Rigor Amortis

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How have I not posted about this?  I’ve sure tweeted it and that shows up on FB, too, but there needs to be a blog post.

“And Yet In Death” will appear in Rigor Amortis, edited by Erik Holt and Jayme Gates, an anthology of undead love in flash form, plus at least one poem (“And Yet In Death” is a sonnet).  It’s going to be published by Absolute Xpress, possibly as soon as early October.   Congratulations to everyone in the volume and I, for one, can’t wait to see how it comes out.

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State of the Hard Drive Report

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So I’m not sure I planned this whole Year of Creation thing out as well as I might have.  I don’t mean in terms of timelines or projects – I still feel it’s doable even if I’m rather behind where I wanted to be at the moment – and not quite in a “what was I thinking” sense, but more in an overall project completion kind of way.

But let’s back up just a little to see how I got to this thought.

Writers procrastinate.  Sure, everyone procrastinates, but writers are pretty good at it.  We’ve turned it into an art form that can compete with writing itself, with a myriad of different ways and methods to push ourselves away from the actual act of writing and still feel like we’re doing something both productive and related to writing.  Aside from calling just about anything basic research, maybe a little bit of market research is in order.  Market research is important, right?  Or we can go back and look at old stories, or stories that maybe need one more little polish (or a complete rewrite), or the stories that we really should have out looking for a home but don’t.

Hard drive research is a great form of procrastination and one I rediscovered last night after a housework break.  What stories are lurking on your hard drive and need some attention?  More to the point, what stories are lurking on my hard drive and need some attention?  Well, to start with there are three first draft novels, only one of which I actually want to look at again someday, two stalled novels, one novel in progress, and four more in various stages of plotting or note taking.  Is that too many?

Then there are the short stories.  I have 11 stories categorized as final draft.  Well, those really should get out to someone, shouldn’t they?  Some of them have and come back, but they should all be out looking for homes.  Beyond those 11, there are 35 more marked between 1st draft complete and 3rd draft complete.  (Side note: in general, for me, 1st draft = get the story out of my skull, 2nd draft = fix problems with the story, 3rd draft = make it pretty, final draft = read it out loud to make sure I haven’t missed anything because I always have.)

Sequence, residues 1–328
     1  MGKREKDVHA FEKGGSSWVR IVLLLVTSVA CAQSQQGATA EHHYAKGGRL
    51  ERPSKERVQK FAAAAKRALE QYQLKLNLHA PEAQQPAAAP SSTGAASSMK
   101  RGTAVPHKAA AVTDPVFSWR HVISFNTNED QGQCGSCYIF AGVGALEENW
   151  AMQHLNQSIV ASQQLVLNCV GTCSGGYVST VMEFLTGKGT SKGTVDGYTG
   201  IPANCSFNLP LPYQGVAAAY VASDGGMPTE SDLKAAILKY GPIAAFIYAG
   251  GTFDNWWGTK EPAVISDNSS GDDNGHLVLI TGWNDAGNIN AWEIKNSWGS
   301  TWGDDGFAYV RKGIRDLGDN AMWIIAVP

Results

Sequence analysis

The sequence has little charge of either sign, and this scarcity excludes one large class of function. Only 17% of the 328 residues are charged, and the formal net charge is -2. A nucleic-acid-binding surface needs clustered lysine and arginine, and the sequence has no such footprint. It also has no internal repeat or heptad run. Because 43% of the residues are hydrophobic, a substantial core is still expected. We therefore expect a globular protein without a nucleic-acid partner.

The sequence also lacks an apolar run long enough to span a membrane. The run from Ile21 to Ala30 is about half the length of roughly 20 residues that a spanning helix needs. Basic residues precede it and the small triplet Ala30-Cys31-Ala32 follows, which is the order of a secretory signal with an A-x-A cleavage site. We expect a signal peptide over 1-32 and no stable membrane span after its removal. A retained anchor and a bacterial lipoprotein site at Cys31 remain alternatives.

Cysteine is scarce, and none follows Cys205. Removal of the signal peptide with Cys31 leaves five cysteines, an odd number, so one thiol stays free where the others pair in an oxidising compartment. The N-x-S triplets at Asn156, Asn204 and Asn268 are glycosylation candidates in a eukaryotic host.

Wait, what?  That makes 46 stories, ranging from a 250-word flash piece to a 35k novella, complete to some degree.  I could ship, or edit and ship, a new story to someone every week for nearly a year without repeating and without writing anything new.  Not to mention the dozen or so completed tales either too broken or too awful for me to want to fix at the moment.

And I signed myself up for 40 new projects this year?

<headdesk>

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Space, the Final Frontier…

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Keeping to the Star Trek theme for another post, I thought I’d give a bit more of an update on the audio drama front.

Fractured Unity or, as I’m coming to think of it, Star Trek Voyages Season 1.  This is the six-episode story arc centered on the events stemming from a terrorist attack at a Federation-Gorn peace conference.  I have confirmed voices for more than half the parts, although a couple of the actors haven’t quite narrowed to a specific role yet.  The big stumbling block here is that I don’t yet have Kirk or Spock cast and both of them are integral to the story.  Things will work out because I’m not letting this go.  One of my actors has actually gone ahead and recorded a couple of promos, both brilliant but I don’t want to release them just yet because it’s probably still months before the episodes are all fully recorded, mixed, and scored.  And I’m not releasing until every episode is complete.  Nothing annoys listeners faster or more than production delays so if I have any, they’re not going to affect the release schedule.